Since I had Jack fully looked over, I noticed some major changes in him. First he was beautifully relaxed and swinging through his body. But he was also stiff through the left side of his neck, whereas he used to be more flexible to the left and stiffer to the right. There’s always been a stiffness in his left front, and a sensitivity in his right shoulder. In any case, there are more upsides than downsides, but since getting him totally checked out he’s been a little different in the bridle and the saddle, and some adjustments have been needed.
Combining that with the outright (repeat) slap in the face that was my last dressage test, I was having some major confidence issues. Though in previous lessons we’ve been focusing on moving up the levels, I asked to specifically look into certain aspects of the test that I knew would make it or break it in the Championships.
In this particular lesson, it was transitions that we discussed, since I’ve been frustrated with how bracing he’s been in transitions in the last couple weeks.
So at the beginning of our lesson, I asked E to get on and feel him out. Our first nugget came when she explained that she was feeling out his medium walk to free walk transition, where any tension in the transition is sure to first come up. Within each step of walk, she wants me to feel like I have the option to halt, so that he is sitting (versus leaning over his shoulders), and within that more correct balance ask for the trot depart.
We then looked into working on my contact- many people let go with their fingers more than they realize, and even though that may feel “soft” to us, it can be confusing to the horse- much like having a conversation with someone on the phone and their voice is going in and out. Having a consistent connection is a much more palatable experience for the horse, and so we worked on my connection.
For this, she wrapped a straw in a tack sponge and placed that combination in each hand. The straws were meant to point up his neck, never to cross or point in. It’s a great visual indicator of what my hands are doing, since they are mostly in my peripheral vision and I can immediately see when they go astray. The sponge was to help me hold and keep a steadier connection.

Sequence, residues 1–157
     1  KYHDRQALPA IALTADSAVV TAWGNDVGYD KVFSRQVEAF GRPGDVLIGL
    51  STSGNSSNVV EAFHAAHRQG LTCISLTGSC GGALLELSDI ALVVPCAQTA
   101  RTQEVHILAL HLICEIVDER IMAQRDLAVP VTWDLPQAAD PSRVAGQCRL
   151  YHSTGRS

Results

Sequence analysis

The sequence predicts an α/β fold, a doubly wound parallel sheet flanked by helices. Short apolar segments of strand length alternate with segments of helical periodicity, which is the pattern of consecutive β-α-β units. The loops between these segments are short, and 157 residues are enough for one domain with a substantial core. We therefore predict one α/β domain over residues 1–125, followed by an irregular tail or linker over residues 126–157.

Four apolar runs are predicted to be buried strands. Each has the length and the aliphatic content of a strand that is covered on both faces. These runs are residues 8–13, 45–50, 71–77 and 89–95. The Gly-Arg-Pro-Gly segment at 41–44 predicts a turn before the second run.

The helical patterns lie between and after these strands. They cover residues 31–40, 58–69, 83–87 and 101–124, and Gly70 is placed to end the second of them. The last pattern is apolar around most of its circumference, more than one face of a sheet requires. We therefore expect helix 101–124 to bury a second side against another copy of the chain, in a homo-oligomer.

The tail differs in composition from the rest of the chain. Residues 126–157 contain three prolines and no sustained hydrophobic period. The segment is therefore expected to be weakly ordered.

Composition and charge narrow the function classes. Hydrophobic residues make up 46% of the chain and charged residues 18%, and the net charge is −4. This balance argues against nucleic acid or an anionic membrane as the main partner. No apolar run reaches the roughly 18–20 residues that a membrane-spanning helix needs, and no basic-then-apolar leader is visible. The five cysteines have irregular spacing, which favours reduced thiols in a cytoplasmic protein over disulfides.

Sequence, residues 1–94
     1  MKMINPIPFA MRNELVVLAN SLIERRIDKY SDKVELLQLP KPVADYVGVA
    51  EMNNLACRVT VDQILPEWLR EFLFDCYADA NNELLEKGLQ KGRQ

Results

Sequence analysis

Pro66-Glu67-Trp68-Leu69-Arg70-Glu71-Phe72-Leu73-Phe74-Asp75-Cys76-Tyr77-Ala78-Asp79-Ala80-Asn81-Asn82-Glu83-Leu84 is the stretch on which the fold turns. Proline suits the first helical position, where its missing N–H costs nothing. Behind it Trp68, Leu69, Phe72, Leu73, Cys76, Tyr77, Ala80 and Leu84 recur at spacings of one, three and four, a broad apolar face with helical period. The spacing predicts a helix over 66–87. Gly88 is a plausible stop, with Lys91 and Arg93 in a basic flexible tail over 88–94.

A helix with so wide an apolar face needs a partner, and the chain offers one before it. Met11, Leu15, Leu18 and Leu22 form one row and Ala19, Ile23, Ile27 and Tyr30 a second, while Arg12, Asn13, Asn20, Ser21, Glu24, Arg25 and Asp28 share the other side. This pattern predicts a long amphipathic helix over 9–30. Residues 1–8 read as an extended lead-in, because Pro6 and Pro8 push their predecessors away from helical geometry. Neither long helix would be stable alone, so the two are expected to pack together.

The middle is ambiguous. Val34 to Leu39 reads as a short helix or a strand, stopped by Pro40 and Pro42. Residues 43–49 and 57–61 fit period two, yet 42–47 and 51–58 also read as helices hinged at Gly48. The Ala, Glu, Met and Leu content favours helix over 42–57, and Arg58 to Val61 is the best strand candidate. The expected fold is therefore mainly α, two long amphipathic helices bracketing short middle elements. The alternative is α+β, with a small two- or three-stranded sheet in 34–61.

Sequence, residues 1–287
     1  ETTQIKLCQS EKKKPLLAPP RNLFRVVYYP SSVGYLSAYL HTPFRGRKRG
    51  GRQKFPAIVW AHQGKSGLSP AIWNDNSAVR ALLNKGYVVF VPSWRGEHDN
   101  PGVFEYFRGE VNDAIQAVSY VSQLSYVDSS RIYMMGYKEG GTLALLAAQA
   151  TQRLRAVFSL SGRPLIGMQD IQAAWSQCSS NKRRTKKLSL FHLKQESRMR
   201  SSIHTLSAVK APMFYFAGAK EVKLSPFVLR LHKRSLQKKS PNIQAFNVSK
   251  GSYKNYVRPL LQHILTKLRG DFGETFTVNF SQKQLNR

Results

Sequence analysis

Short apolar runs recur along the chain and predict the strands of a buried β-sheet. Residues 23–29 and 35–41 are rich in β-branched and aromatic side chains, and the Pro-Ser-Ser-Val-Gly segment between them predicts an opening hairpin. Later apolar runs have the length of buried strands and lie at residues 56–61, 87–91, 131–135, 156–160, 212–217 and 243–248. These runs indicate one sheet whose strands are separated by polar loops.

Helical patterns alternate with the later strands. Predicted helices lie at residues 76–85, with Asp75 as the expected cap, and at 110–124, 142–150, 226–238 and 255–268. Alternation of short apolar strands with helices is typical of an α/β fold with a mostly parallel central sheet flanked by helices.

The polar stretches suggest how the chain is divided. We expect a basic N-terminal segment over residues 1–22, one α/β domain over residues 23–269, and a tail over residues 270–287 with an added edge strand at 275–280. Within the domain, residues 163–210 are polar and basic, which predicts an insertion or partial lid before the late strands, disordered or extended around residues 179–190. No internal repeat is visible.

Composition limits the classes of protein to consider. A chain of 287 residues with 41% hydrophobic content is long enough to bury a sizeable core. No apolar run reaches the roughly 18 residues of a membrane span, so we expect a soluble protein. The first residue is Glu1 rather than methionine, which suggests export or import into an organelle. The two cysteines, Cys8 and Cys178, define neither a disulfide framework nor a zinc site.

I learned pretty quickly how difficult it was for me to truly keep my right hand closed- since it’s the more dextrous hand, it opens and moves more easily. So I had to work to keep my hand closed and my elbow soft, and using just my elbows to lengthen his neck made for a much better connection than I’ve had lately. Below if you look closely (and ignore the side conversation of my sweet and ridiculous barn family who are kindly videoing me) you can see the straws sticking out as I ride:
We also looked into his canter departs, both up and down to/from trot. These have also been a little sticky, and I have a hard time avoiding comments about him falling into the trot even when it feels pretty balanced. However, as you’ll hear in the video, I learned that’s not uncommon for big horses to struggle with that transition, and while I can manage it as much as possible it’s probably not going to be the highlight of the test- so aim for a 7 and move on. Also, enjoy more side commentary from the barn fam.
In general it was a good check in and some helpful reminders of the basics for Jack and I. With all the conditioning and focus on jumping we’ve been doing lately, the dressage work has been a bit neglected. But this lesson helped me get inspired to work on cleaning up some moments and making myself a better rider, hopefully to put our best foot forward at the AECs and also to be a better partner to him going forward.
Brb, gotta go find some straws and tack sponges….
I also have a Jack…Jack Morgan, who is, coincidentally, a Morgan! Dressage is my weakest area in the three phase, and I enjoy your comments and learn a little bit when I read your blog.Thanks for writing!
That straw and sponge thing is genius!!
At a clinic last year, the clinician had me hold onto a stick with a level in the middle. I had to keep the bubble in the middle and my hands even.